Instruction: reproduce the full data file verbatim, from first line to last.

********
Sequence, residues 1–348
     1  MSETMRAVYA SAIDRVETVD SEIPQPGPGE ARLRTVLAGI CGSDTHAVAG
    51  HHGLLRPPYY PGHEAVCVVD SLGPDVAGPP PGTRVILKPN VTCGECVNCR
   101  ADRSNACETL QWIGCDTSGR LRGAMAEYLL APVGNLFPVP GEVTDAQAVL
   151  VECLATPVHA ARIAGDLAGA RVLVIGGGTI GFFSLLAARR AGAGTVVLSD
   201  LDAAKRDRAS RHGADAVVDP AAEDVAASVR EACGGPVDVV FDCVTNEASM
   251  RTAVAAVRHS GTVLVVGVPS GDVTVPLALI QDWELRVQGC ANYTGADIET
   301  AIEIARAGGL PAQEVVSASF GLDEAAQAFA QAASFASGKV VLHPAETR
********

Sequence, residues 1–348
     1  MSETMRAVYA SAIDRVETVD SEIPQPGPGE ARLRTVLAGI CGSDTHAVAG
    51  HHGLLRPPYY PGHEAVCVVD SLGPDVAGPP PGTRVILKPN VTCGECVNCR
   101  ADRSNACETL QWIGCDTSGR LRGAMAEYLL APVGNLFPVP GEVTDAQAVL
   151  VECLATPVHA ARIAGDLAGA RVLVIGGGTI GFFSLLAARR AGAGTVVLSD
   201  LDAAKRDRAS RHGADAVVDP AAEDVAASVR EACGGPVDVV FDCVTNEASM
   251  RTAVAAVRHS GTVLVVGVPS GDVTVPLALI QDWELRVQGC ANYTGADIET
   301  AIEIARAGGL PAQEVVSASF GLDEAAQAFA QAASFASGKV VLHPAETR